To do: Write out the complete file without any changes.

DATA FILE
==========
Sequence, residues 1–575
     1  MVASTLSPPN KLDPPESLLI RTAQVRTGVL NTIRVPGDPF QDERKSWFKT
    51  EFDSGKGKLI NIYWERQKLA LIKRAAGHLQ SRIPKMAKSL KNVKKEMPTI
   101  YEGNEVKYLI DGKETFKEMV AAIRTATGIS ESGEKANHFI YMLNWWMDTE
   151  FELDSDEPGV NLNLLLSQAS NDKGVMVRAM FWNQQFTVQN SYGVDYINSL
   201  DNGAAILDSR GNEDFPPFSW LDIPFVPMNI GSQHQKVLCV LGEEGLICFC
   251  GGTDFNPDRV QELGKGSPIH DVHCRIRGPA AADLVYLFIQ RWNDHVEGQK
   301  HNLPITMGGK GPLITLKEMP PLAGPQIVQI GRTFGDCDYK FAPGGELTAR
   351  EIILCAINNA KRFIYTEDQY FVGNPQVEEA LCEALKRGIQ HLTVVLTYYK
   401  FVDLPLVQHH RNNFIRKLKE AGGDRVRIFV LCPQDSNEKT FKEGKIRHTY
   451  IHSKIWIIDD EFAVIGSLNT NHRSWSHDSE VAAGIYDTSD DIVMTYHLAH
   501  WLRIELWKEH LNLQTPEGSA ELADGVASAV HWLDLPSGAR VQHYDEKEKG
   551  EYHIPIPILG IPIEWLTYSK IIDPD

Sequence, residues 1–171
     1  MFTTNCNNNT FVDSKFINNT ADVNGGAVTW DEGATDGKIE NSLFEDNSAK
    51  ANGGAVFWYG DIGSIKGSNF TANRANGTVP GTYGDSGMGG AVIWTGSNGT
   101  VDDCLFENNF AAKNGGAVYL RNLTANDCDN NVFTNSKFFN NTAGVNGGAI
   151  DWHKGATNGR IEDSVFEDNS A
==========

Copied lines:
Sequence, residues 1–575
     1  MVASTLSPPN KLDPPESLLI RTAQVRTGVL NTIRVPGDPF QDERKSWFKT
    51  EFDSGKGKLI NIYWERQKLA LIKRAAGHLQ SRIPKMAKSL KNVKKEMPTI
   101  YEGNEVKYLI DGKETFKEMV AAIRTATGIS ESGEKANHFI YMLNWWMDTE
   151  FELDSDEPGV NLNLLLSQAS NDKGVMVRAM FWNQQFTVQN SYGVDYINSL
   201  DNGAAILDSR GNEDFPPFSW LDIPFVPMNI GSQHQKVLCV LGEEGLICFC
   251  GGTDFNPDRV QELGKGSPIH DVHCRIRGPA AADLVYLFIQ RWNDHVEGQK
   301  HNLPITMGGK GPLITLKEMP PLAGPQIVQI GRTFGDCDYK FAPGGELTAR
   351  EIILCAINNA KRFIYTEDQY FVGNPQVEEA LCEALKRGIQ HLTVVLTYYK
   401  FVDLPLVQHH RNNFIRKLKE AGGDRVRIFV LCPQDSNEKT FKEGKIRHTY
   451  IHSKIWIIDD EFAVIGSLNT NHRSWSHDSE VAAGIYDTSD DIVMTYHLAH
   501  WLRIELWKEH LNLQTPEGSA ELADGVASAV HWLDLPSGAR VQHYDEKEKG
   551  EYHIPIPILG IPIEWLTYSK IIDPD

Sequence, residues 1–171
     1  MFTTNCNNNT FVDSKFINNT ADVNGGAVTW DEGATDGKIE NSLFEDNSAK
    51  ANGGAVFWYG DIGSIKGSNF TANRANGTVP GTYGDSGMGG AVIWTGSNGT
   101  VDDCLFENNF AAKNGGAVYL RNLTANDCDN NVFTNSKFFN NTAGVNGGAI
   151  DWHKGATNGR IEDSVFEDNS A